March 9, 2009
The state Ethics Commission each year investigates thousands of complaints alleging misdeeds by city and town officials.
Over the last five years, 577 of those complaints came from South Shore towns. But instead of large municipalities like Quincy or Weymouth generating the most, it’s the small towns, like Abington and Rockland, that top the list, with 70 each from 2004 to 2008.
“These are small towns, people know each other,” Bridgewater State College political science professor Michael Kryzanek said. “People are neighbors, and people gossip and spread rumors.”
The three biggest South Shore towns, Quincy, Plymouth and Weymouth, rank 23rd, 18th and 25th, respectively, out of 26 towns.
In bigger communities, it’s harder for individuals to know what’s going on, Kryzanek said.
“Ultimately, it means that people are interested; they’re concerned; they’re involved,” he said. “There’s nothing wrong with people being a watchdog in a town where it’s their money.”
A complaint, however, doesn’t mean there is definitely a violation. Anyone can file an complaint anonymously, and one person could file several complaints on the same issue.
Commission Spokesman David Giannotti said he couldn’t fathom a guess as to why some towns have so many more complaints than others.
“You can have one or two of those people that want to complain about everything,” Rockland Town Administrator Allan Chiocca said. “It doesn’t mean there’s merit in (the complaints).”
A small town is like a family, Chiocca said, the people in it usually know exactly what’s going on.
“It kind of goes to a golf score,” he said. “Nothing increases your score like a witness.”
Some towns just have more involved citizens. While most communities have a hard time filling seats, Abington even sets on the park and recreation commission are contested, Town Manager Philip Warren Jr. said.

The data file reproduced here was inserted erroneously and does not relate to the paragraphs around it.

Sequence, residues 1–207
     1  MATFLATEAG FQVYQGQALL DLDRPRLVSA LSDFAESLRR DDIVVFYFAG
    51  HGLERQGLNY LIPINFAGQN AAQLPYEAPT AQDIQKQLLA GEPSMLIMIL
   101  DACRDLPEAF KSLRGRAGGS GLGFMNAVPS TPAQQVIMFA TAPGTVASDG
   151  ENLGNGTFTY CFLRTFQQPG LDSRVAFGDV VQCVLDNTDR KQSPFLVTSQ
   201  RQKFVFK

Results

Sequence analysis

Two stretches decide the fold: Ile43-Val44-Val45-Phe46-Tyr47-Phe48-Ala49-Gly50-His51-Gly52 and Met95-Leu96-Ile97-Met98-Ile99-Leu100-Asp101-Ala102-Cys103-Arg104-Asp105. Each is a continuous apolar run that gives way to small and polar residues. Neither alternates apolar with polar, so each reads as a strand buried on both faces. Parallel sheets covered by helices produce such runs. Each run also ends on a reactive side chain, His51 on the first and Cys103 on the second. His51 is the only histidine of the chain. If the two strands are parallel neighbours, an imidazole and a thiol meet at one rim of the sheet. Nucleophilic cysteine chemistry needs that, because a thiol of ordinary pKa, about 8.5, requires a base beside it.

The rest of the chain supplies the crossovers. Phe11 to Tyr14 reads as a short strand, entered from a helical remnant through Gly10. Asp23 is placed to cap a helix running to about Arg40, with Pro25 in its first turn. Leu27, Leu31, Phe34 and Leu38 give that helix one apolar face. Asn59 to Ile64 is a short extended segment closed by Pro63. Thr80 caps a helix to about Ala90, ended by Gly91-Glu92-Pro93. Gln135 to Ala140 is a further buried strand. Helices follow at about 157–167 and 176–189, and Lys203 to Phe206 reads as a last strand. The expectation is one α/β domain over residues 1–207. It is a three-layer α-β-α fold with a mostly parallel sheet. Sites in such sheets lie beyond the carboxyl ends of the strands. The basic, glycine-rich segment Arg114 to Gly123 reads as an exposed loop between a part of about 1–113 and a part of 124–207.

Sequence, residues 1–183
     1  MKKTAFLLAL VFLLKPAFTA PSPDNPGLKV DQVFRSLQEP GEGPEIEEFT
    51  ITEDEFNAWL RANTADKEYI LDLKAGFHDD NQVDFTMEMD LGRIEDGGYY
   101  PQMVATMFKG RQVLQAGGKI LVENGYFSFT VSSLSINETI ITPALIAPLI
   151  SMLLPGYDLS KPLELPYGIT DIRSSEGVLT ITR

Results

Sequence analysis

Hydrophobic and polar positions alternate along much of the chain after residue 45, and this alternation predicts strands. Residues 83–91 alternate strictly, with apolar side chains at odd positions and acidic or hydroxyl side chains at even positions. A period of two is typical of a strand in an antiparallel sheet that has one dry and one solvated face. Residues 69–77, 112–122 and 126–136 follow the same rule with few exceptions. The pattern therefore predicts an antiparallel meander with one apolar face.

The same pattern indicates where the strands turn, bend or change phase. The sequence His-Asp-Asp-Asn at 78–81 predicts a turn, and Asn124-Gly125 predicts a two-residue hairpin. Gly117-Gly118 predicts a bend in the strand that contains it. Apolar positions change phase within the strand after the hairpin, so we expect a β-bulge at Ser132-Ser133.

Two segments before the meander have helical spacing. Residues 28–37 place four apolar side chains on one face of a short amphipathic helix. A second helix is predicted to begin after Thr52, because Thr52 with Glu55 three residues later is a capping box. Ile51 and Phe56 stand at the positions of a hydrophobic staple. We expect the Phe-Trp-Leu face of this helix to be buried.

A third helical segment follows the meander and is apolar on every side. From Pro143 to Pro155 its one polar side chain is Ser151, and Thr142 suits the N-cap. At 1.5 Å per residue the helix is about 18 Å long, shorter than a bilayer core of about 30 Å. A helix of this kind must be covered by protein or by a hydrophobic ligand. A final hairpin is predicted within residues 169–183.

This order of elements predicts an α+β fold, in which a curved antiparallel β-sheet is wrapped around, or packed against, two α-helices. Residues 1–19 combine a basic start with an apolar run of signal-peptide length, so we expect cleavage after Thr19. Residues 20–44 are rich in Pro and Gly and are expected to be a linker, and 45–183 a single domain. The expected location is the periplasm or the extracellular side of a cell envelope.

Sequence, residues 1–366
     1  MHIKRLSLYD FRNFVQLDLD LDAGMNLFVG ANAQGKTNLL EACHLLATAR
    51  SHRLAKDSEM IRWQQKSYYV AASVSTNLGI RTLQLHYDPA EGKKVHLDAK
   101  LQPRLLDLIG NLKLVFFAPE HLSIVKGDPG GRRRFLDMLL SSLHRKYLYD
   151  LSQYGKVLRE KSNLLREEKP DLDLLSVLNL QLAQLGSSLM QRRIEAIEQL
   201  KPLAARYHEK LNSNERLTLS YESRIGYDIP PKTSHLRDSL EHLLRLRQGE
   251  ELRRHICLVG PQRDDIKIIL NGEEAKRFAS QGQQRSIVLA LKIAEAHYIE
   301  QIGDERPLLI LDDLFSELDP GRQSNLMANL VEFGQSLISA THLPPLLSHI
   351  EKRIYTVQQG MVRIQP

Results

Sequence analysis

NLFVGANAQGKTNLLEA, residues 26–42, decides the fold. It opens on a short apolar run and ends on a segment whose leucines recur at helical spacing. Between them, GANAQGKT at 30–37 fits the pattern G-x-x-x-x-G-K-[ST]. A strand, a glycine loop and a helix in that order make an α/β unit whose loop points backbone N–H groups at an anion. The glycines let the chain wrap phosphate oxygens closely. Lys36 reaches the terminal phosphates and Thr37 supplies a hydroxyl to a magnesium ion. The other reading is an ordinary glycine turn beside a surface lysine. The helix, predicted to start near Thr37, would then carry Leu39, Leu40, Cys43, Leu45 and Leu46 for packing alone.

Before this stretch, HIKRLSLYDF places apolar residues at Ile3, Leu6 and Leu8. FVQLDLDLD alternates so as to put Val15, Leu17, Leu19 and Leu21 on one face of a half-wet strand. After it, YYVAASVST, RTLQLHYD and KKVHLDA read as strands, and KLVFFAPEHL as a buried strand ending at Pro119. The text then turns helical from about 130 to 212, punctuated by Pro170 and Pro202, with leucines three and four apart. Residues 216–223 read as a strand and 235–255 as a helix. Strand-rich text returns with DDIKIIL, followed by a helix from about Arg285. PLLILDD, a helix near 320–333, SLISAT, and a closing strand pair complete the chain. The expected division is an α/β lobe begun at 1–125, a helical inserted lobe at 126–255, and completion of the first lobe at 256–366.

“Abington has been and always will be a politically charged town,” he said. “In folks’ political zeal, they use the Ethics Commission more as a spear than a shield.”
Abington led the list with 70 total complaints. During the same period, there were two violations.
Having alert whistle blowers is a good thing, as long as they’re not abusing their responsibility, Kryzanek said.
Chiocca worried that the allegations against officials could discourage others from participating in these hard to fill positions.
“To be subjected to implications of impropriety when nothing exists, certainly discourages people from volunteering in many cases,” he said.
Small communities have a shrunken pool of candidates, creating more opportunity for perceived conflicts of interest. Personal and family connections can raise eyebrows, Kryzanek said.
Such is the case in Rockland, where selectmen Chairman James Simpson’s son is a police officer.
The Hanover board of health makes rules about animal issues, but two members own horse farms.
When fishery issues come up in Marshfield, Selectman Michael Maresco has to disclose that his father in law is a lobsterman.
“It gets harder and harder in smaller towns where so many people are related,” Chiocca said.
In Weymouth, which operates under a mayoral form of government, dealing with the problem in house means the Ethics Commission never has to get involved. The town of 53,000 people had only 11 total complaints.
“The buck stops here in the mayor’s office,” Mayor Sue Kay said. “I take all the responsibility.”
Warren said he takes exception to the anonymous process of filing a complaint, where there is no accountability.
“It makes it easy for someone that wants to correct some injustice they feel they’ve suffered at the hands of the town,” Warren said.
With people watching the budget process even more closely this year, Kryzanek said he expects complaints to rise.
“There’s an increasing level of suspicion that people in government … are abusing their office,” he said.
In the interest of disclosure, Kryzanek noted he is a member of the Whitman-Hanson school committee.
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